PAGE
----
The alternatives for removing substantial amounts of flash include:

  • pincers/nibblers (though care should be taken to ensure that this does not increase the risk of Work related upper limb disorders - WRULDs);
  • cut-off wheels and discs;
  • cropping machines (especially on long run production)
  • methods such as arc/air cutting (though this may increase the risks associated with fume and noise)

The method of flash removal should be chosen to minimise vibration exposure.  

You should look for alternatives to the manual fettling tools below or reduce their use where possible:

  • Chipping hammers
  • Large angle grinders
  • Large straight grinders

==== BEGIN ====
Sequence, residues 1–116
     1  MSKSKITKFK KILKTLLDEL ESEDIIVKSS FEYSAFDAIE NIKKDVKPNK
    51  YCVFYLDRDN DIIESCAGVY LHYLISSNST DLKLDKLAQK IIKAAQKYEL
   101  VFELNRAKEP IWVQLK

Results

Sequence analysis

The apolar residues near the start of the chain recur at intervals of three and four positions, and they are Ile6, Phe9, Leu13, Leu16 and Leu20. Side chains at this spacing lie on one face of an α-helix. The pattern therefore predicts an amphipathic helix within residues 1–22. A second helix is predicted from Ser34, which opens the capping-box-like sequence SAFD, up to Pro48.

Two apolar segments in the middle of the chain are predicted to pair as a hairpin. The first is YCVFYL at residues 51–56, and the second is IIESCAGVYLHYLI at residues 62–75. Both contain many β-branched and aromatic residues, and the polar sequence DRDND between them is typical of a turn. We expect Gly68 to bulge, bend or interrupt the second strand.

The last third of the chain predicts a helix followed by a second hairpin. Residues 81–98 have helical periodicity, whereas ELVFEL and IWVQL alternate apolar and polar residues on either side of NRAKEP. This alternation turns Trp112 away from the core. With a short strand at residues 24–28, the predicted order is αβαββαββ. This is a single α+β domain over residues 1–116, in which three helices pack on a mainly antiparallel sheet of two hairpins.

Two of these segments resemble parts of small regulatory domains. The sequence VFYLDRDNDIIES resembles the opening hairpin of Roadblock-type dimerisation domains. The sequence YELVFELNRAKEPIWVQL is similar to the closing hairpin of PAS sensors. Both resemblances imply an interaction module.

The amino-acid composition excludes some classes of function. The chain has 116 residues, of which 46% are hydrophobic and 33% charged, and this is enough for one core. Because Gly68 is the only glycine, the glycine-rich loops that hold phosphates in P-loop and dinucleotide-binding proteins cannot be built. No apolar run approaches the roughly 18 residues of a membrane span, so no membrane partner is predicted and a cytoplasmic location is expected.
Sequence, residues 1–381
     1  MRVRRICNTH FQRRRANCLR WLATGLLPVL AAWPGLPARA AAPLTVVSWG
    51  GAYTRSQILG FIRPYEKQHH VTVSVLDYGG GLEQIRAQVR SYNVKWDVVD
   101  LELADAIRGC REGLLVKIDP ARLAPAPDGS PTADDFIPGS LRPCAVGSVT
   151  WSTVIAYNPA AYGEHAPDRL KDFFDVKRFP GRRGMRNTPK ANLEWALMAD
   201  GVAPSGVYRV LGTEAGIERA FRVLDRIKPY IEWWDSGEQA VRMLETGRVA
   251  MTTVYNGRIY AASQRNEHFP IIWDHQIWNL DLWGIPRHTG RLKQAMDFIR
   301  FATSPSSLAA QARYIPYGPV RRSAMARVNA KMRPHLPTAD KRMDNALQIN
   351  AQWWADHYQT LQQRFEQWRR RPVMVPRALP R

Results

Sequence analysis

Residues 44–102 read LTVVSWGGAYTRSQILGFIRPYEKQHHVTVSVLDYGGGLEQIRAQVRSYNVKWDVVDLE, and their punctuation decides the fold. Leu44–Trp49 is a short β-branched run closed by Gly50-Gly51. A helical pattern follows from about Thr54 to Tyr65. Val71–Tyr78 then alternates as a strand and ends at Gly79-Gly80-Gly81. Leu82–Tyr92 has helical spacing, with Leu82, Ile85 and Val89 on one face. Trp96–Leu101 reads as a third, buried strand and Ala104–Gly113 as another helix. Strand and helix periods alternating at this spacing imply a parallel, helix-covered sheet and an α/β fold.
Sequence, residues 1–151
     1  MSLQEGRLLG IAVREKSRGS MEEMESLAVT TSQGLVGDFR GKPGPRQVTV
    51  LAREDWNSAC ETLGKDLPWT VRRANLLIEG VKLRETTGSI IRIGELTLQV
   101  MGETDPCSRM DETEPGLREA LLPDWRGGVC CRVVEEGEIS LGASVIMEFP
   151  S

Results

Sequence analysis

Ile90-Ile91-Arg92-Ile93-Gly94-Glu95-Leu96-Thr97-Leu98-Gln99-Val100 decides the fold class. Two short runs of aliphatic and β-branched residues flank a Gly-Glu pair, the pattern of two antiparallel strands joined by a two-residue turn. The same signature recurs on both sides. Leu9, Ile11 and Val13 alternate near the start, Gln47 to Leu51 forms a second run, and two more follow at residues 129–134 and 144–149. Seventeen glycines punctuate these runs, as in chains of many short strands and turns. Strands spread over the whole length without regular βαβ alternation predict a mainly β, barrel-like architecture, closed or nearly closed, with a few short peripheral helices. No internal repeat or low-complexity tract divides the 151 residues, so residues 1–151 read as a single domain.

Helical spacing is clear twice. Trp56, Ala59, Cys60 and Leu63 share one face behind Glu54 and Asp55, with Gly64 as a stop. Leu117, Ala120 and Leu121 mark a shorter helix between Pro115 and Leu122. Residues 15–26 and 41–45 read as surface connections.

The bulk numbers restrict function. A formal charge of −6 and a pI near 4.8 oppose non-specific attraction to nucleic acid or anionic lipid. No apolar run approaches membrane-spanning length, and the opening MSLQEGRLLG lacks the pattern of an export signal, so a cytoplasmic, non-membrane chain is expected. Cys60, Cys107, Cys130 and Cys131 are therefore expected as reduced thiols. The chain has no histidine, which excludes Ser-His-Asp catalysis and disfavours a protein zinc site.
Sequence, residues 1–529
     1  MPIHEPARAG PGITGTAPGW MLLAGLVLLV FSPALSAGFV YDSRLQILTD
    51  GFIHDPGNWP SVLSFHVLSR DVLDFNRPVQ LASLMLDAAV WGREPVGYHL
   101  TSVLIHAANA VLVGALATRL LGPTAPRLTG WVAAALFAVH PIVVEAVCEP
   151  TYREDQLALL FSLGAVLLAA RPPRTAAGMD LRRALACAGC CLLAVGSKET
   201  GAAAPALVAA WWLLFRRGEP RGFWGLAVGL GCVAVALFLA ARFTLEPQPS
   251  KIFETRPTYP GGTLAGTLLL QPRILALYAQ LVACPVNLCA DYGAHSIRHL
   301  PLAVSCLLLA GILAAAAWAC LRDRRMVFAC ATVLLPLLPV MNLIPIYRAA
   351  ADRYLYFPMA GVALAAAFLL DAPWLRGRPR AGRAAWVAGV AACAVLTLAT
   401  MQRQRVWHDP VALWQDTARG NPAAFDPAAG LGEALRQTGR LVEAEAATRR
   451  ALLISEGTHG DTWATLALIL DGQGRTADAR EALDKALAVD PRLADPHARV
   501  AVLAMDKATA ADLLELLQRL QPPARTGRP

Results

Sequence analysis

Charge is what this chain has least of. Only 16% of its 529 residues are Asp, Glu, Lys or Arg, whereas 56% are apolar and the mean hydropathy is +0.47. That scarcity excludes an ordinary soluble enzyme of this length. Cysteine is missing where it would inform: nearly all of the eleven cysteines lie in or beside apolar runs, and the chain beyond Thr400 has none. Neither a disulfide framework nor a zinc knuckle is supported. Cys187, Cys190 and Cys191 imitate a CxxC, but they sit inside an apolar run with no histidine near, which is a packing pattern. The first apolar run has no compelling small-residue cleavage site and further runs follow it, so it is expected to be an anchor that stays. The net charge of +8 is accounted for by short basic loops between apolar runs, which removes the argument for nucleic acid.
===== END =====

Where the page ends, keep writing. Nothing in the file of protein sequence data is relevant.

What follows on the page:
• Pedestal grinders

Automated or semi-automated methods can reduce employees' exposure to vibration.

The mechanical alternatives below can save a great deal of fettling and cost BUT they often involve repetitive manual loading/unloading of castings. You should make sure that you reduce the handling of castings as far as possible and look into the potential use of magnetic/vacuum lifting devices.

Automatic or semi-automatic cut-off machines

These consist of an enclosure containing a slitting wheel and a moveable clamping mechanism to hold the casting and the runner system. The clamping mechanism is then moved to apply each runner to the wheel. Such systems have been used successfully in both long-run and jobbing situations. But the casting and runner systems must be designed to allow access of the runners to the wheel to give minimal stub at cut-off.

Cropping machines